This just-released debut EP by a new band from Philadelphia really is one that must be heard all the way through, from start to finish. Yes, you can randomly pick any one of the four tracks and still find yourself rooted in place, taking it in and finding your emotional state altered by what you hear. But the cumulative impact of the four in sequence is pulverizing.
God Root is organized with an introduction (“Spirits Rise”) coming first, followed by a long song called “Of Habit”, a comparatively brief interlude (“Bog Ascending”), and another long song named “Of Control” to finish the sequence.
“Spirits Rise” sets the stage for this dismal pageant with the reverberation of ritual drumbeats, a solemn tribal rhythm backed by the shimmer of unsettling ambient tones and shamanistic wailing.
The primitive, ritualistic aura shades over into the beginning of “Of Habit”, and the band soon begin to lay the foundations of the song with a layered guitar-and-bass melody. They then begin to work through variations on that central theme — alternating between the staggeringly heavy and the airily wistful — with wrenching vocal expressions that are both agonized and caustic in their rage.
I confess that as entrancing as the first half of the song is, I now find myself waiting for what I know is coming at the mid-point — a slaughtering, concrete-crushing assault that will get your head moving. The music rumbles like an earth-moving machine and then begins to hammer like a pile-driver, as the vocals and guitars turn to shrieks, becoming even more deranged until the music collapses again into a tarry pit of ritualistic doom.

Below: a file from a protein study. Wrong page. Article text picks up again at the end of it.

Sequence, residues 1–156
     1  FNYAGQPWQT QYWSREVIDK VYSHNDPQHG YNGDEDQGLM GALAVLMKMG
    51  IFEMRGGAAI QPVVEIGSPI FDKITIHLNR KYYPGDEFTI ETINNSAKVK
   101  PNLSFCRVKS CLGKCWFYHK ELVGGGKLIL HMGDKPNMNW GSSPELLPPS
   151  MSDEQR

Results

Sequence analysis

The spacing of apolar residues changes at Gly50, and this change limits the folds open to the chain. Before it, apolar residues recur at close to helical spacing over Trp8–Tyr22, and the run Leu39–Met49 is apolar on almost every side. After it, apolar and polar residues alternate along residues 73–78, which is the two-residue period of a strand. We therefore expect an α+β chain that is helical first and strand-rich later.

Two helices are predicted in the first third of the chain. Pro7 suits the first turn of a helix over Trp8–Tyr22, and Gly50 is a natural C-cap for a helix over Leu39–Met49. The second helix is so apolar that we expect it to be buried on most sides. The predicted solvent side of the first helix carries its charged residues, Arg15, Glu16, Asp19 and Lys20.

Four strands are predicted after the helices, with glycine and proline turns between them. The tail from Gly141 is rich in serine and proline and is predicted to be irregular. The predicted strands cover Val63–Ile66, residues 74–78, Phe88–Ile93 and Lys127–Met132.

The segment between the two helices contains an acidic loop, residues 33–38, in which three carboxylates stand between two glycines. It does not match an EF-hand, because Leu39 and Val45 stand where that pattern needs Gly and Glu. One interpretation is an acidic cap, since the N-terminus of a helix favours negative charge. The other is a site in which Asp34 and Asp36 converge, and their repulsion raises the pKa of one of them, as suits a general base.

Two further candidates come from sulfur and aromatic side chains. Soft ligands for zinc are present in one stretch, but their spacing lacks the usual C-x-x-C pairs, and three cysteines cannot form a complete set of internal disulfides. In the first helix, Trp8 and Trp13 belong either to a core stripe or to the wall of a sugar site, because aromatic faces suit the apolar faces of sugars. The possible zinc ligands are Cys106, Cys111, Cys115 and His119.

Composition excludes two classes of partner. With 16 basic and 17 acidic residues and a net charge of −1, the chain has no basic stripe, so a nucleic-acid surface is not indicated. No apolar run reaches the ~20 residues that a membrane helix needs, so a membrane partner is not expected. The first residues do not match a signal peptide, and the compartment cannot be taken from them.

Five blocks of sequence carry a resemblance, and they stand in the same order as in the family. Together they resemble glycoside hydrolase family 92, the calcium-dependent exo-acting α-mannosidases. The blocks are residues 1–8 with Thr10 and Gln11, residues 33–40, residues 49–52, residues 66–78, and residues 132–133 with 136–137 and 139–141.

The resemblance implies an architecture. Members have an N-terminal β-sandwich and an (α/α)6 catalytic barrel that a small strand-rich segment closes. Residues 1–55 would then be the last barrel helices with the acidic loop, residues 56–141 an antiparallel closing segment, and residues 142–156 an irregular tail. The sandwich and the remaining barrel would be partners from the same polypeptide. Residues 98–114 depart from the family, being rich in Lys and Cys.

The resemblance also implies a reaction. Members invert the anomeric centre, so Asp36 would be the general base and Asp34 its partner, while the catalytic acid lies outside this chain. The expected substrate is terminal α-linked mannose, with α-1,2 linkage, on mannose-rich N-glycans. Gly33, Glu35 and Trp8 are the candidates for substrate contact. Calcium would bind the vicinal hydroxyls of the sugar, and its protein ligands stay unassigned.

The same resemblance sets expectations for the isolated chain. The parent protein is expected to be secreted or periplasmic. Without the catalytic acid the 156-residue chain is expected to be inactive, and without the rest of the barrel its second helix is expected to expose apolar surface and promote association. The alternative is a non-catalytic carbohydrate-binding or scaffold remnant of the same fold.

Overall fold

You might need a break at this point, and you get one — sort of — in the “Bog Ascending” interlude. Almost devoid of rhythm, save for a kind of industrialized pulsing noise, and with only the most tenuous grasp on reality, it’s more ghostly and disorienting than a true reprieve from the darkness that has been steadily building in the EP from the beginning.
“Of Control” then seizes attention immediately, with a gripping bass-and-drum hook — simultaneously reinforcing the shamanistic atmosphere of the music and pulling the headbang trigger again. The dissonant, rippling lead guitar chords that enter the frame lend an air of psychedelia to music that’s already damned narcotic to begin with. As the vocalist howls and wails, the music turns into a slow slog, as if thick quicksand is sucking greedily at your legs, drawing you down below with nothing but a blasted wasteland as the last thing you see around you.
The tribal beats return in force in the song’s back half along with a catchy, fuzzed-out repeating riff, with the band ramping up the intensity and the pacing and the vocalist doing his best to tear at his own throat until it fountains blood.
It’s a mesmerizing song, utterly downcast and lightless, yet making a strong connection with the primitive reptile part of the brain — which is true of all the music on this EP. God Root is a potent concoction, an immersive combination of tribal grooves, disorienting psychedelia, and punishing sludge/doom — dark as night, heavy as hell, and damned memorable.
I was first attracted to this EP when I saw that the band was started by Fred Grabosky, the drummer for Sadgiqacea (who also contributes vocals as well as drums for God Root). He is joined in this project by other experienced musicians — Ross Bradley (bass/vocals), Keith Riecke (guitar), Joe Hughes (guitar/vocals), and Jordan Stiff (noise/pedals/sound manipulation). God Root was released via Bandcamp this past weekend and is available via the first link below. Stream it after the links.
And if you’re within reach of Philadelphia, the band seem to have some shows coming up, per the band’s FB page:
February 5: @ Shred Shed w/ Inaeona, Coastal Plain
March 9: TBA w/???? and ????? at ????? – surpise BIG SHOW!
April 9: @ Shred Shed w/ Abacus, Supine